Tuesday, September 25, 2012

Thoughts on Jessica Valenti's Why Have Kids

I just finished Jessica Valenti's new book Why Have Kids? and I have to first say that I think it's a really interesting read that's doing important work. I recommend checking it out if you are interested in feminism, parenting, and the role of motherhood in the American mythos.

Admittedly, I was a little hesitant to read this book because I--having read some excerpts and commentary about it--was afraid it would devolve into another attack on "Attachment Parenting" and "choice feminism" in a way that dichotomizes real, lived experiences into labeled categories. These too often lead to assumptions and judgments that keep women at each other's throats in a way that allows systemic issues of inequality to thrive in the background. Perhaps I should have given Valenti more credit because I have enjoyed much of her work in the past and respect her ideas immensely. At the same time, though, my hesitations weren't without justification.

There is a lot to like in this book, but there's also some to question.

We Should Question Parenthood Myths

I really like that Valenti frames her book by separating it into two sections: "Lies" and "Truth." The lies focus on the myths of parenting and take a look at many of the issues that are central to feminist parenting discussions. I particularly agree with her discussion of how framing motherhood as the "hardest job in the world" is problematic. Some other "lies" she tackles are the ideas that women are the natural parents, that children make us happy, and that children need their parents.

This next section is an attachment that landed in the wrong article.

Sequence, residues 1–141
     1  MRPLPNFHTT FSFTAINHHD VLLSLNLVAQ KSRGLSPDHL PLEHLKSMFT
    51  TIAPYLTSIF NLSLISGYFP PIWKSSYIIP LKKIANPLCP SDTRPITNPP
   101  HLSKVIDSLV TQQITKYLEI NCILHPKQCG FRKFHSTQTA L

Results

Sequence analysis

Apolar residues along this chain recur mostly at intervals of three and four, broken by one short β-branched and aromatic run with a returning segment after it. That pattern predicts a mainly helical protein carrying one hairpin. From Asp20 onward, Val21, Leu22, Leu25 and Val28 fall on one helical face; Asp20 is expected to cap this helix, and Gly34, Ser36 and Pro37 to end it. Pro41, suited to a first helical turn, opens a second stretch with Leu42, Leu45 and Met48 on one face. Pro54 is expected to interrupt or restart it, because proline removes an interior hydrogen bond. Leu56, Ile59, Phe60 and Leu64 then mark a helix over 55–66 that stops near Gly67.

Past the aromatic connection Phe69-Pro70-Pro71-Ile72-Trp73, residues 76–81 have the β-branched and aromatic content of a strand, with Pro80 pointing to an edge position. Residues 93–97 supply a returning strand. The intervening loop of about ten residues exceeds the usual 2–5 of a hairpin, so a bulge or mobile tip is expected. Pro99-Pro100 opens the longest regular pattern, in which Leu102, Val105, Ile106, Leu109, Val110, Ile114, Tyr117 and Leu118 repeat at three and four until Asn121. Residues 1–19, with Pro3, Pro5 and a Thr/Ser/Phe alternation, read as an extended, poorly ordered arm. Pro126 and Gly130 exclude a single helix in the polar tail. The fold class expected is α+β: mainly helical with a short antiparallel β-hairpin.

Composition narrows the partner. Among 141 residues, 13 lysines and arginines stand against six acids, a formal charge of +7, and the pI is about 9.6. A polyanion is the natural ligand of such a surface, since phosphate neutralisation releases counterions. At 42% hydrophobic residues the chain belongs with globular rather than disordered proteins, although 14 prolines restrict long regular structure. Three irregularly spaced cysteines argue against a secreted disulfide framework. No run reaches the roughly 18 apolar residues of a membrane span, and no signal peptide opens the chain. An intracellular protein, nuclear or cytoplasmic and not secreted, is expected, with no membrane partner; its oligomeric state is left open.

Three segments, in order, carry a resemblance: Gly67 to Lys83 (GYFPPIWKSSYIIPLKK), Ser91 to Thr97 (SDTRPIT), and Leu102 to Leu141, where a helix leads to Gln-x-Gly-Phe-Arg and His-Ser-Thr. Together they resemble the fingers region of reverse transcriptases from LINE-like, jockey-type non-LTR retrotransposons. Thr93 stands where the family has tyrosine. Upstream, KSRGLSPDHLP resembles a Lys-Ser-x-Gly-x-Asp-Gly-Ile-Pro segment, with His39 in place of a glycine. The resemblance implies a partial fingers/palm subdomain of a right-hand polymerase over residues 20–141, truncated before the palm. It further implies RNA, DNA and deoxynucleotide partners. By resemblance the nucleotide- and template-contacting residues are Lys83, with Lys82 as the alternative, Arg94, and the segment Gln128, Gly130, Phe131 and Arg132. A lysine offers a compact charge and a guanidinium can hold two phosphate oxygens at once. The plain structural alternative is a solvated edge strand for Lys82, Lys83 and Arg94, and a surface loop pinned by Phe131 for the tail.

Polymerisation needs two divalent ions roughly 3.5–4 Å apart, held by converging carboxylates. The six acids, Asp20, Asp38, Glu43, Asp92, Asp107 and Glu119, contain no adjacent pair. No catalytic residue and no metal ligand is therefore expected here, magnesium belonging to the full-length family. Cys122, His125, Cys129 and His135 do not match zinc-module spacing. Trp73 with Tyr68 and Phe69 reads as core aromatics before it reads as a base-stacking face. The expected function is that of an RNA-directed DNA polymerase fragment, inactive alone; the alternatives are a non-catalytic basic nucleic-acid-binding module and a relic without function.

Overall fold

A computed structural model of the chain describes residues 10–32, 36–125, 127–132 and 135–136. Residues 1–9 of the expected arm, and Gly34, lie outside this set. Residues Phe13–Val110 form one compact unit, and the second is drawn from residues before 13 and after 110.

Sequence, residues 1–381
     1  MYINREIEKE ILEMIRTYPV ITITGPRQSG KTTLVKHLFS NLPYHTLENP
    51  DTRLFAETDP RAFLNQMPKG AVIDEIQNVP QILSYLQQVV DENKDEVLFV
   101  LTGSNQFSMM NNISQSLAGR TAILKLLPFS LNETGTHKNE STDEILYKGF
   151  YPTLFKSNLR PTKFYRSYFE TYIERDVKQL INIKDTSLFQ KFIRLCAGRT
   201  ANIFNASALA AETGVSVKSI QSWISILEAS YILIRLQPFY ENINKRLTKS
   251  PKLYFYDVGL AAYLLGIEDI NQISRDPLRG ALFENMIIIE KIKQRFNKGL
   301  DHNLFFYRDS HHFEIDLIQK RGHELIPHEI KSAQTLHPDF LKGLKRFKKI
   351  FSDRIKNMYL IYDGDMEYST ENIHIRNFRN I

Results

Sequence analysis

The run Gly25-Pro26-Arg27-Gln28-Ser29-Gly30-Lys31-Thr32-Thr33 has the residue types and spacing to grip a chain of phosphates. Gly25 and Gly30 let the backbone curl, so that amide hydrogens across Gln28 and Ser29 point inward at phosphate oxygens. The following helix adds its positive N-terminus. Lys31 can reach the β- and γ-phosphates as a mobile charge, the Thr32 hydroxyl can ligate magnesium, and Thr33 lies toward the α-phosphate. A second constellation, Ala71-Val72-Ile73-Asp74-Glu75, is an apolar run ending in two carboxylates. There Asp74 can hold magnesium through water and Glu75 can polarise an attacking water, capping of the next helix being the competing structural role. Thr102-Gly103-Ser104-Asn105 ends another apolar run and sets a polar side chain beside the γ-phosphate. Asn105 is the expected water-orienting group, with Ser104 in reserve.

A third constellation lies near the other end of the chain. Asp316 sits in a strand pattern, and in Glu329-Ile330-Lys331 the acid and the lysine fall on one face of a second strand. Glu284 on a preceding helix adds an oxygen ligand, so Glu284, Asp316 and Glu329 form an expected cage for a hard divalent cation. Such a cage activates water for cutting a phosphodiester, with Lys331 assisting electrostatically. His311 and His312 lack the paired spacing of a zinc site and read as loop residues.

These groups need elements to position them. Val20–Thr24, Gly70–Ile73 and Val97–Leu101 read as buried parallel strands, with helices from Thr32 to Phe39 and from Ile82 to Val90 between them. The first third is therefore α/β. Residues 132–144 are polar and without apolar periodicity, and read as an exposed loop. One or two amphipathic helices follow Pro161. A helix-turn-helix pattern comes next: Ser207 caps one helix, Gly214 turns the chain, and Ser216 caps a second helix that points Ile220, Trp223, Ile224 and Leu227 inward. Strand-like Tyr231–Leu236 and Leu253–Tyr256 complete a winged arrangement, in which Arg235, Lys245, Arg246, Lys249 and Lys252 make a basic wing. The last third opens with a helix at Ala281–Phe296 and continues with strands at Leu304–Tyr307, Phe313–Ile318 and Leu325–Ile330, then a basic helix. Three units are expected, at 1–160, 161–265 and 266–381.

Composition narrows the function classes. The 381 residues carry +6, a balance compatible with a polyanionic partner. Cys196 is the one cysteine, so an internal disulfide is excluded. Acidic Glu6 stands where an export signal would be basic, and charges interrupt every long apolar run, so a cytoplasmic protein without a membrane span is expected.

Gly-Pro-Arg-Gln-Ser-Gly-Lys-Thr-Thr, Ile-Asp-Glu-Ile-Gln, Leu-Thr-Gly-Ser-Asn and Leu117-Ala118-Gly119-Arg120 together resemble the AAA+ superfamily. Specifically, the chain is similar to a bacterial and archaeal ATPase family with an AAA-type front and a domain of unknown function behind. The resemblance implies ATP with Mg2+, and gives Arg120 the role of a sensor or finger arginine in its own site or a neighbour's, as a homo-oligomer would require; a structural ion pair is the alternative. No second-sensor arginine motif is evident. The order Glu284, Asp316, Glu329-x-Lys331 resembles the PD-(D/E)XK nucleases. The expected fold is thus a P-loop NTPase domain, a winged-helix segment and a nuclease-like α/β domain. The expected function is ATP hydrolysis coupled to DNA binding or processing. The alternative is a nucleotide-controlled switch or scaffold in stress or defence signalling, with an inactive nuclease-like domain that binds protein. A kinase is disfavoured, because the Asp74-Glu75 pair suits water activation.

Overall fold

While I don't always agree with her conclusions (for instance, she relies very heavily on measures of parents' "happiness," which--as I've written before--I think is a complicated and perhaps problematic gauge to use for measuring life outcomes), I do think that she's doing great work in laying out these problems in a smoothly connected, informative way. And I absolutely agree with her premise that these myths should be questioned. Too many stereotypes about parenting and the often gendered narratives that come with them are just generally accepted into the cultural tapestry without consideration of how they got there or if they should remain. Valenti does a great job of pulling out some of the threads and holding them up to the light.